How to Amplify the Sound of Your Choir

Choir Sound Reinforcement

 by Vic Hooper


Choir sound is different. Sound technicians are very knowledgeable about microphones, amplifiers, equalizers, sound waves and mic patterns. They work, for the most part, with rock bands, soloists and/or vocal jazz singers and have perfected excellent sound capturing techniques that enhance and bring out the best of such groups.  Working with choir sound, however, is quit different.  Singers in a choir create an ambient sound that is the result of and is greater than the single voices from which it is made - a synergy of sound if you will. When amplifying a choir, it is this synergy of sound that needs to be captured - not individual voices or sections of voices. The result is what is generally referred to as "choir sound reinforcement".


Finding the best way to amplify your choir to reflect their true sound is a major challenge. After years of working with audio professionals, and doing my own research I have come up with a rather simple solution:

Use a stereo condenser microphone (one will easily cover a 40 voice choir). Such a microphone looks like a single microphone but actually has 2 separate mics within a single container. This provides you with three things:

  1. two microphones with a perfect XY pattern (some professionals argue that XY is not the best, however, it is an excellent choice)

  2. a clean visual - just one mic stand or hanging the mic is even better

  3. a true representation of the sound that is being produced by the choir


Placement of the stereo microphone will depend on the venue and how much resonant/acoustical sound is coming from the “stage”. The most desired position occurs when the microphone is behind and above the director’s head. However, this may not result in the best sound in every case. You will have to experiment and judge the distance from the choir where the mic "hears"/picks-up the choir best.  I have used this method in gyms and theatres, venues with good and bad acoustics, large and small rooms to great success. 


For larger choirs and/or for outdoor amplification, in addition to the stereo microphone in the centre, you may need a couple of (mono) condenser microphones - one on the left and one on the right about 6-8 feet from centre. This arrangement also works well for recording your choir but that is another article.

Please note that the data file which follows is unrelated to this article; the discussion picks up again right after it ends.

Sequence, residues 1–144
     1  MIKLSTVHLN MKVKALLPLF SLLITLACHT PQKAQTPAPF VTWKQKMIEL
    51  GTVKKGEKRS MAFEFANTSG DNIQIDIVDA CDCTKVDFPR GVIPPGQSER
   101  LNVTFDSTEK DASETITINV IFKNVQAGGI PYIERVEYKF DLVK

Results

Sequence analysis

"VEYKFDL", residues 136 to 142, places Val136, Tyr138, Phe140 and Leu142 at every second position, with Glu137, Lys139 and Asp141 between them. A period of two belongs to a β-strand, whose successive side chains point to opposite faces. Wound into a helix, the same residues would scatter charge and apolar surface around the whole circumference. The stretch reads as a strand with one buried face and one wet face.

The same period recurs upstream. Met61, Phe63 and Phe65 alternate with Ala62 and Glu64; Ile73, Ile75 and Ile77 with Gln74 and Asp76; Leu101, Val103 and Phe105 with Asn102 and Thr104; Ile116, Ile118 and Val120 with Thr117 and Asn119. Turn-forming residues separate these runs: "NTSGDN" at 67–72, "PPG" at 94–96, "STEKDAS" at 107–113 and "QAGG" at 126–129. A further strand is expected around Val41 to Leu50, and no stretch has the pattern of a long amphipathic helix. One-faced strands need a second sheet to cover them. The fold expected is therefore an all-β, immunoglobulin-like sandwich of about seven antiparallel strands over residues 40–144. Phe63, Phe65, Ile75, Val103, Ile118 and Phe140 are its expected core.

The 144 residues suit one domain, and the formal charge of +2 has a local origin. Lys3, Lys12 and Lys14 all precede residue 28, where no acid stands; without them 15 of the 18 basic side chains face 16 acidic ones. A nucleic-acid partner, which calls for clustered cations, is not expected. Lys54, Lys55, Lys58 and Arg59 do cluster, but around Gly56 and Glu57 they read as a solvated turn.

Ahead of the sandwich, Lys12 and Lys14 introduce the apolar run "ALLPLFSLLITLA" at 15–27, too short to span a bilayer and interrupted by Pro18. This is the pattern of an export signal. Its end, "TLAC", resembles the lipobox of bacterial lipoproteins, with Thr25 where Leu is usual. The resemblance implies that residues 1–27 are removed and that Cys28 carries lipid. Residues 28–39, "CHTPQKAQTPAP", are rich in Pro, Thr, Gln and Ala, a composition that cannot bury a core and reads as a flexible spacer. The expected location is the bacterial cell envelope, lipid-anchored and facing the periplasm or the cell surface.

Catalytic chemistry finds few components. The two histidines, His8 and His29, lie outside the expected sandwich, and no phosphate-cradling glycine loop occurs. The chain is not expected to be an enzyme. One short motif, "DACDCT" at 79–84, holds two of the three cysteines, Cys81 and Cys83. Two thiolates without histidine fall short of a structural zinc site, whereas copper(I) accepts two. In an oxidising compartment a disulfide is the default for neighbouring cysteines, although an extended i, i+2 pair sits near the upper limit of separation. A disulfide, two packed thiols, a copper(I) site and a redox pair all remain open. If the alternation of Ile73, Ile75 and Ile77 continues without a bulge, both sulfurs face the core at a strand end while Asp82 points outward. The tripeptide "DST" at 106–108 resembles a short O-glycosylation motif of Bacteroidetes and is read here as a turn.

Piano and accompaniment

In most cases the piano should not have a separate microphone.   The reason is that due to the much closer distance from the microphone to the piano than the microphone to the choir, the signal from the piano will be much greater than the signal from the choir. Even when the piano’s volume is set lower than the choir’s volume, the piano will tend to have a greater presence than the choir.  The choir microphone will easily be able to “hear” the piano and pick it up along with the choir resulting in a much more pleasing balance.  If the piano is electric or needs to be amplified, point the piano monitor/speaker towards the choir so that the singers can hear it and let the choir microphones pick it up along with the choir. For the same reasons as mentioned for not using a separate microphone for the piano, do not put the line from the piano directly into the main speakers.

Although I do not even pretend to be an expert in sound amplification, I do know that this method is easy to set up and works like a charm!


Here are a couple of stereo microphones I recommend:

Updated: April 2014

Audio-Technica AT2022 (around $300)  (I have not used this one. It appears to be for recording devices but I hope it works with sound systems as well. The price is reasonable and Audio Technica produces great microphones.)

Rode NT4 Stereo Condenser Microphone (around $550)


The above diagrams are for mono microphones. When using one stereo mic, you just need to pay attention to the centre position. If using auxiliary mono mics, I would use the diagram to calculate the distance each mono mic should be from the stereo mic. – Vic

Vic Hooper has had many years of experience setting up amplification systems for choirs - as music coordinator at the St. James-Assiniboia School Division, as conductor of Assiniboine Show Choir of Sweet Adelines International and Rainbow Harmony Project.